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How do FM/AM radio stations determine how many users are listening to their station?

Radio ratings, which give some idea about how many listeners a station has, have been around since 1930. A researcher named Archibald Crossley ran the first company to use survey methods to determine audience size, although only on network programs— the so-called “Crossley Ratings.” There were other companies too— some used telephone surveys, some used mail-in surveys, others used in-person interviews, etc. Until fairly recently (2013), the vast majority of US radio stations (both AM and FM) were rated by a company called Arbitron. For many years, Arbitron used a “diary method”, where random users in major, medium and small markets were surveyed as to what they listened to during the specific period of the survey; they wrote down their listening habits on a form, and then they submitted the completed diary to Arbitron, which compiled the results into what was called “the Book” by radio stations. (“How did you do in the Book?” was radio talk for “Did you get good ratings during this rating period?”)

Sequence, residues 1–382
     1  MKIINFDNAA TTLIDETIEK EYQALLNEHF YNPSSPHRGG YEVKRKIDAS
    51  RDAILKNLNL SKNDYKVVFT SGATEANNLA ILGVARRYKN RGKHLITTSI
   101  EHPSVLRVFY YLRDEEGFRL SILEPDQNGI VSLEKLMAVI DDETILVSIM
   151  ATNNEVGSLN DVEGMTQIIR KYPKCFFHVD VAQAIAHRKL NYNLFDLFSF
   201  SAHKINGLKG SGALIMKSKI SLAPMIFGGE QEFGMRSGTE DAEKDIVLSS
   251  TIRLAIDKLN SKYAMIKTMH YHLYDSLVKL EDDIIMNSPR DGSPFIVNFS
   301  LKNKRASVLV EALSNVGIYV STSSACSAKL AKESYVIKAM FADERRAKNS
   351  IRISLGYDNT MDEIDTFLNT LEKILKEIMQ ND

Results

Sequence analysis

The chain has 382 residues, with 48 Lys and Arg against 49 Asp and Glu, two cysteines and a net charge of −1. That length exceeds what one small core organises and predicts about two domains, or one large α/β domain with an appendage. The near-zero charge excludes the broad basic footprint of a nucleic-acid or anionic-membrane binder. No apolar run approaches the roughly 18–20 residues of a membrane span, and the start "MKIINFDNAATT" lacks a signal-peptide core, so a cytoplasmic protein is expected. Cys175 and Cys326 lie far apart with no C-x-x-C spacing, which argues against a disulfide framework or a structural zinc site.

In 2013, Nielsen, which had previously been known for television ratings, purchased Arbitron. Now, radio stations are surveyed by Nielsen, which does not use a paper diary any more. The preferred survey method now is “portable people meters” (PPM) which compile a person’s listening habits electronically. Individuals are still surveyed randomly; a specific number are contacted in each major, large, medium, and small market (city). Many people think the PPM is more accurate and easier to use than asking people to fill out a diary for a week or two. But others believe the PPM results are not as accurate, or that they favor younger formats (where the diary method favored older formats, since older people were more likely to fill their diaries out). Here is a link to a 2015 article about all of this, written by a very knowledgeable radio colleague of mine: Inconsistent Nielsen data vexes public radio stations and inspires a commercial solution


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